Author Topic: Q: Making cloth "sacks"  (Read 421 times)

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mmagliaro

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Q: Making cloth "sacks"
« on: March 12, 2019, 11:35:50 PM »
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I am aware that Fine N Scale, Ratio, and several other companies make some castings for N Scale cloth sacks (the idea being for them to look like a bunch of sacks full of flour other granular material piled up on a pallet by an industry).  But to be honest, none of them thrill me.

Has anyone out there ever actually *made* tiny sacks out of little bits of cloth?  Or using some other clever method?

If so, can you show me how you did them?  I want bunches of them on pallets outside an industry I'm building.

Thanks.

Chris333

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Re: Q: Making cloth "sacks"
« Reply #1 on: March 12, 2019, 11:39:44 PM »
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I remember reading to make them from thin metal tubing that was cut with side cutting pliers. This would turn the tube from round to flat and the ends would be pinched off. I have no idea if it would look good down to N scale. I say the fabric part would be mostly paint.

peteski

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Re: Q: Making cloth "sacks"
« Reply #2 on: March 12, 2019, 11:47:21 PM »
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Has anyone out there ever actually *made* tiny sacks out of little bits of cloth?  Or using some other clever method?

Another way would be to form the sacks from epoxy putty (shaped like little pillows), and sculpt the ends to look like the 1:1 sacks.

IMO, any 1:1 fabric's texture would look way exaggerated in N scale.  Paint is the way to go.
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Jim Starbuck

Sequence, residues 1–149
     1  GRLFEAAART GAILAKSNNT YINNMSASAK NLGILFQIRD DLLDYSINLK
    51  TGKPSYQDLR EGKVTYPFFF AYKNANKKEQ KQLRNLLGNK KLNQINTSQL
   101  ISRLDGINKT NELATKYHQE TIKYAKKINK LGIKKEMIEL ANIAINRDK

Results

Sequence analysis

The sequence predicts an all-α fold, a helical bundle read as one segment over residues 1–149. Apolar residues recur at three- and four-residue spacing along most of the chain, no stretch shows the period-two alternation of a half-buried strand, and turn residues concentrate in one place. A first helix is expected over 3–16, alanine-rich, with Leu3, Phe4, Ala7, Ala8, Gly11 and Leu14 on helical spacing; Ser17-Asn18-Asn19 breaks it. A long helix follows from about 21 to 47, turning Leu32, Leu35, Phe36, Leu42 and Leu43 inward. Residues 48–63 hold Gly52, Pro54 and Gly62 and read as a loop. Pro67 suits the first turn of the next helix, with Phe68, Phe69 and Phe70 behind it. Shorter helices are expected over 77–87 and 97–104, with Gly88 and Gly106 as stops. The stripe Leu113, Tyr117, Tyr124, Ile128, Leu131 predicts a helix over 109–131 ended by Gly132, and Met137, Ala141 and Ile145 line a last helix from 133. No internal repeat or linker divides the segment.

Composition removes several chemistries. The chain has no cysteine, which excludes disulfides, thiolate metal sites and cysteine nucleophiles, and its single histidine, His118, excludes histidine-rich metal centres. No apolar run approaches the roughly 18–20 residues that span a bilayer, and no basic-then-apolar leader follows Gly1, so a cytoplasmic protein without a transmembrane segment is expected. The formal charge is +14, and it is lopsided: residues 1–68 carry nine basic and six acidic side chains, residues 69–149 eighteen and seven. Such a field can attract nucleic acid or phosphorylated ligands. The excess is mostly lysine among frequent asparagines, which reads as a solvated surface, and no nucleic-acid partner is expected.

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Re: Q: Making cloth "sacks"
« Reply #3 on: March 12, 2019, 11:51:05 PM »
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An idea I had would be to roll out strands of Sculpey clay then cut them off like Chris suggested making the ends “sewn” together.
They could be squished flatter between two pieces of glass covered in wax paper. Block the glass apart with strips of wood to create consistent thickness. Being soft may let them stack naturally too.
The clay can be baked until hard after they were stacked and ready for paint.
I have no clue if this would work but might be worth an experiment.

Jim
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Chris333

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Re: Q: Making cloth "sacks"
« Reply #4 on: March 12, 2019, 11:58:04 PM »
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Preiser 79566 has sacks that look tied shut at one end, but to me they look like trash bags and they are pricey. I'm guessing you need flour sacks?

I needed a bunch in HO, but found one mill that sold it in wood barrels. Guess I need both.


peteski

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Re: Q: Making cloth "sacks"
« Reply #5 on: March 12, 2019, 11:59:21 PM »
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. . . and of course, there is 3D printing, and the Photon printer.  :D :trollface:
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Chris333

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Re: Q: Making cloth "sacks"
« Reply #6 on: March 13, 2019, 12:41:48 AM »
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Just for fun I tried it with some aluminium tubing:

Mark W

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Re: Q: Making cloth "sacks"
« Reply #7 on: March 13, 2019, 12:42:54 AM »
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. . . and of course, there is 3D printing, and the Photon printer.  :D :trollface:




3D printing?  Did you say 3D printing? :)